Discussing science communication
Let’s chill out about discussing science, argues Tracey Brown
The academic commentary about public engagement in science is too controlling. This autumn’s publication of a BIS review of science and society initiatives is a good moment to end the superior tone of academic discourse about knowledge versus consultation and chill out about discussing science.
Sure, argue about the best ways and which publics. If you have experience of doing it, you cannot help but find some attempts to discuss science with the public crass, or founded on odd ideas. I have noticed that more than a few scientists who moan about cod science do a good line in cod sociology about why people don’t like technologies. I have, too often, struggled to retain the will to live when chairing question sessions at events about science controversies, as the third questioner seizes the microphone and begins, ‘I think it all goes back to the schools...’
But ultimately, the diversity of what people want to achieve with engagement and what others want from it means that there is no one true path. There is not a rule about how much giving of information and how much consulting must happen in any science engagement exercise. It is not a Really Bad Thing if, say, paediatrician and immunology expert Paul Offit tells people what he knows about vaccines, forcefully. That might be a good way to challenge health writers, but not effective for a health visitor trying to increase vaccine uptake.
A small kerfuffle broke out over the interpretation of the Wellcome Trust Monitor survey earlier this year. The survey indicated that the public often doesn’t want to be involved in decisions, said Hannah Baker of Wellcome in a Guardian commentary, and perhaps we are not paying enough attention to the importance of science education.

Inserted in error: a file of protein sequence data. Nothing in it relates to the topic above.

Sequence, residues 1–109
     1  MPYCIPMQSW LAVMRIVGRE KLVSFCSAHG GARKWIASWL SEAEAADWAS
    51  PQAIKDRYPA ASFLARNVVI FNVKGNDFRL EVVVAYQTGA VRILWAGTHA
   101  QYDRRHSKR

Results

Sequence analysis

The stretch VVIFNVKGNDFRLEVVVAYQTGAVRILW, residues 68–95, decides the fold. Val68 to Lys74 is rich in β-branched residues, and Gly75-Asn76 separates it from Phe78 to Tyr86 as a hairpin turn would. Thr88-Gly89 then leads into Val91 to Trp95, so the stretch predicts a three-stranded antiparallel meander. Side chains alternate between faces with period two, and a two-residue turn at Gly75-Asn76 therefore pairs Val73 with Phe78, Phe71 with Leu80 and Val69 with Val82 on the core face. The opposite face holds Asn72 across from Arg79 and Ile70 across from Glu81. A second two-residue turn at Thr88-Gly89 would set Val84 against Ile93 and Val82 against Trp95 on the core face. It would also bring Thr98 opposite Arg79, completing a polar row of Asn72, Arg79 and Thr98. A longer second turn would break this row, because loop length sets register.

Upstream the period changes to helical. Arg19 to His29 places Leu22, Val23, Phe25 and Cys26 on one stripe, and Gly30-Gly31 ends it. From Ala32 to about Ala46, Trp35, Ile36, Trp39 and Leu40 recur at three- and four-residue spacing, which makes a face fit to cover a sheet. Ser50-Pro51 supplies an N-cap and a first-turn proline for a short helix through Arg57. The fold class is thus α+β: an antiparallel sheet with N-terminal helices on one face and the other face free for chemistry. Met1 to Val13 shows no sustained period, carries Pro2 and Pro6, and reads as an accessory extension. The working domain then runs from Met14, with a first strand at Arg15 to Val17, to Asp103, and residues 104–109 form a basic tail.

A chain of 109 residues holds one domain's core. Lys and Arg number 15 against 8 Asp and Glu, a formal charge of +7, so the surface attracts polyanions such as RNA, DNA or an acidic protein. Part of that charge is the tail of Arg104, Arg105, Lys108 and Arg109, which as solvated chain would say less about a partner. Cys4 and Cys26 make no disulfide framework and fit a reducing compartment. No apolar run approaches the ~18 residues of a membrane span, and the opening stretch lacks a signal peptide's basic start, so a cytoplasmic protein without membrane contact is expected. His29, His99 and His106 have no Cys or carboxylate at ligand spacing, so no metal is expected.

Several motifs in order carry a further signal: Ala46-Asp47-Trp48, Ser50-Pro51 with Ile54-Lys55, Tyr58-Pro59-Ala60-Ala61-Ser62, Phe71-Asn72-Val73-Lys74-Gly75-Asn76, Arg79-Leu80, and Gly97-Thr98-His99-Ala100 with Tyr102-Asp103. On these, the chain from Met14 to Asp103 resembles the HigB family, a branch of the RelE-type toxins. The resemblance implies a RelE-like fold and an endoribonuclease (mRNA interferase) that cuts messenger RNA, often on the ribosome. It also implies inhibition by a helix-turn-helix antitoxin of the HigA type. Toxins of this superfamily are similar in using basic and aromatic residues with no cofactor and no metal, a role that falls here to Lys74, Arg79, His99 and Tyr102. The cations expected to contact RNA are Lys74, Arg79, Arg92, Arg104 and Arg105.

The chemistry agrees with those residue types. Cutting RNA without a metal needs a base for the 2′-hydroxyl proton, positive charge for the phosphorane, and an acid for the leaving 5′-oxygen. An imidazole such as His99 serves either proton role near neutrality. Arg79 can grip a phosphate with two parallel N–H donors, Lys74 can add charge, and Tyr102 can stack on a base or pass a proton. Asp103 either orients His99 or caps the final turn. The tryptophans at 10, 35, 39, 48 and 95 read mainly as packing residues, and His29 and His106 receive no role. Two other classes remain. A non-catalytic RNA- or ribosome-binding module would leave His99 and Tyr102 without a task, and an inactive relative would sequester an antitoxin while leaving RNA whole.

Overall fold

While the knowledge deficit model might be discredited, surely that’s not the same as saying that knowledge doesn’t matter? Simon Lock and Melanie Smallman of University College London didn’t agree and pointed to the limited role of evidence in the way people respond to GM, for example.
That some attempts to tackle discussions such as organ retention or vaccines have been ineffective does not mean that the idea of imparting knowledge is wrong. It depends on what you are trying to achieve and on what people are asking from you. Sometimes people want expertise, sometimes they need to hear arguments against a news article on the HPV vaccine, sometimes they want accountability for how a decision has been reached, and sometimes they want to have a say.
Ideas about science communication have just become too precious, when really there is no one size fits all response to questions before us which involve evidence and decisions. The science communication experts and academics have been advising government and big institutions for years about engagement (or rather telling them off), but their slide shows about others’ deficiencies are still a lot longer than those about their own successes.
Facts and information sometimes change things and sometimes they don’t. Just because knowledge – or lack of it – doesn’t account for everything people think, doesn’t mean you’re wrong to tell people what you know. After all, we as a society choose to pay for expertise, in the form of the education and research that give rise to it. It makes a mockery of democratic debate not to use it. And we should use knowledge, and argue about it, any way we like.